With professional management, Moses’ national and international fame was quickly established through a secession of events. In 1946, Kallir edited the first monograph on the artist, Grandma Moses, American Primitive. (Later versions were simply called Grandma Moses after the artist took offence to the term “primitive.”) In 1949, Moses traveled to Washington D.C. where President Truman bestowed on her the Women’s National Press Club Award. Moses’ work had its first European exposure in 1950 with an exhibition of fifty works touring Vienna, Munich, Salzburg, Berne, The Hague, and Paris. The same year, a documentary film on the artist was nominated for an Academy Award and two years later Lillian Gish portrayed her in a live television movie. In 1955, Edward R. Murrow interviewed Grandma Moses on CBS's “See It Now”. While Moses was increasingly in the spotlight, she rarely left her farm in upstate New York and made few concessions to her new affluence. Her biggest luxury was building a ranch-style home across the street when the stairs in her old home became too difficult to manage.

In 1952, Moses’ published her autobiography, My Life’s History. This book is the most important source of primary information about the artist, specifically providing insights into her tastes, composition ideas, work ethic, and even her views on feminism (Moses wrote: “I think women should vote, they have to make a living just the same as the men do, so why should they not have a say-so?” 6) Most significantly, My Life’s History shows Moses’ ongoing interest in painting and creativity, helping to explain her rapid transformation from farm wife to artist. While Moses’ initial fame may have been a novelty to the New York press, My Life’s History demonstrates that Moses was a disciplined artist all her life, albeit one whose circumstances rarely allowed her to paint.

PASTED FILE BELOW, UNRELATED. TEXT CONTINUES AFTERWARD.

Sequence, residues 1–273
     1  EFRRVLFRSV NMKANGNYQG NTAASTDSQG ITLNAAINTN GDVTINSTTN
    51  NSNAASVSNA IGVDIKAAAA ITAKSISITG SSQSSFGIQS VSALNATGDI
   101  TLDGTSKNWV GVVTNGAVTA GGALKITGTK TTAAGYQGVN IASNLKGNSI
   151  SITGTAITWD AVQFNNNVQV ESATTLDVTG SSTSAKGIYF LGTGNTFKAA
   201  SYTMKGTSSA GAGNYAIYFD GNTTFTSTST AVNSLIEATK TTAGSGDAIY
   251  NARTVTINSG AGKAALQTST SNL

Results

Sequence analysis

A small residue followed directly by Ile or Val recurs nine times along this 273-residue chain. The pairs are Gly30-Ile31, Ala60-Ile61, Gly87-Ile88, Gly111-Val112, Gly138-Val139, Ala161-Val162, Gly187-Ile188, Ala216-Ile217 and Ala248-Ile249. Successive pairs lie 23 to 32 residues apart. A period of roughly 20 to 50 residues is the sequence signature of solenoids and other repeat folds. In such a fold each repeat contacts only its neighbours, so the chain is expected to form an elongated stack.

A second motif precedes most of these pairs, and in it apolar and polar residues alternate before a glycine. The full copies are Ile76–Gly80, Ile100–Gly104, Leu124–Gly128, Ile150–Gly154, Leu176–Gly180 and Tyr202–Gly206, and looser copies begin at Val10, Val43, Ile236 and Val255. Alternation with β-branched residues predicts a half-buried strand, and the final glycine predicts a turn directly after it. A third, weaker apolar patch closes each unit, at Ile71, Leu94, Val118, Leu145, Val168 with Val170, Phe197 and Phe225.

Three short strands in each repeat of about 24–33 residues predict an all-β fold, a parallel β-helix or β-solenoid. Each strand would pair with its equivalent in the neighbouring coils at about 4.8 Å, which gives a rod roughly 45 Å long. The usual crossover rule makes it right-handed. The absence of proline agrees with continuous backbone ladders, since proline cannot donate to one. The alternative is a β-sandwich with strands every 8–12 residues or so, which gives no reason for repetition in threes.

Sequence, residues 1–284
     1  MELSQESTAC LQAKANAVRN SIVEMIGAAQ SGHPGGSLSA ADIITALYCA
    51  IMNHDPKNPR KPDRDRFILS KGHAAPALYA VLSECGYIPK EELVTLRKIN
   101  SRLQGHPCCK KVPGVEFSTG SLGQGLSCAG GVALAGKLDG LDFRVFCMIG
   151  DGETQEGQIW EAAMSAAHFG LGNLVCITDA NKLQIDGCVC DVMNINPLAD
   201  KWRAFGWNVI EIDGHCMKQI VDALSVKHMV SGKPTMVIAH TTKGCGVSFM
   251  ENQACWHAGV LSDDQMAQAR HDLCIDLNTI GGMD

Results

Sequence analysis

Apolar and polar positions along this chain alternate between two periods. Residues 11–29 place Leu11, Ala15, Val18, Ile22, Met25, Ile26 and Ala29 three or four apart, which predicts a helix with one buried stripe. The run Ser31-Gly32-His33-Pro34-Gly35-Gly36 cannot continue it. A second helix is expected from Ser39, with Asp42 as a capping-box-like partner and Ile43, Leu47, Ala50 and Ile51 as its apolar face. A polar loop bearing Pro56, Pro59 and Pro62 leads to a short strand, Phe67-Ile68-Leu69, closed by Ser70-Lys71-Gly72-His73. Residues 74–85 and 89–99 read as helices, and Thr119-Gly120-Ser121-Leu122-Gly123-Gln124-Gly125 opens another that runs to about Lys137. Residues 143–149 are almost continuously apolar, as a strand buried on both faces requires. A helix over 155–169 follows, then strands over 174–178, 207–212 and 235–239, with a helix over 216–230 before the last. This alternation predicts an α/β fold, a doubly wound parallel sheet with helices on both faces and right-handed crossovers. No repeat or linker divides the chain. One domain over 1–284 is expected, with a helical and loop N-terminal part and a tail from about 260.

On Moses’ 100th birthday in 1960, the New York Governor, Nelson Rockefeller, proclaimed the day as “Grandma Moses Day” to honor the artistically talented woman. One year later, Grandma Moses died on December 13, 1961. She was buried in the Maple Grove Cemetery in Hoosick Falls, New York.

II. Chronology

1860 Anna Mary Robertson Moses is born in Greenwich, New York on September 7, the third of ten children, to Russell King Robertson and Margaret Shannahan
Spends childhood working on the farm and attends school for only brief periods at a time
1872 Leaves home to work as a hired girl at houses near the family farm
1887 Marries Thomas Salmon Moses
Moves to a rented farm near Staunton, Virginia where, over the next fifteen years Moses has ten children, five of who die in infancy
1907 Moves to a farm in Eagle Bridge, New York
1918 Paints earliest known work, Fireboard (Private collection; 1918)
1927 Moses’ Husband, Thomas, dies
1932 Moves to Bennington to take care of daughter who has tuberculosis; makes worsted pictures from embroidery yarn during this period
1933 Daughter dies and Moses returns to live at Eagle Bridge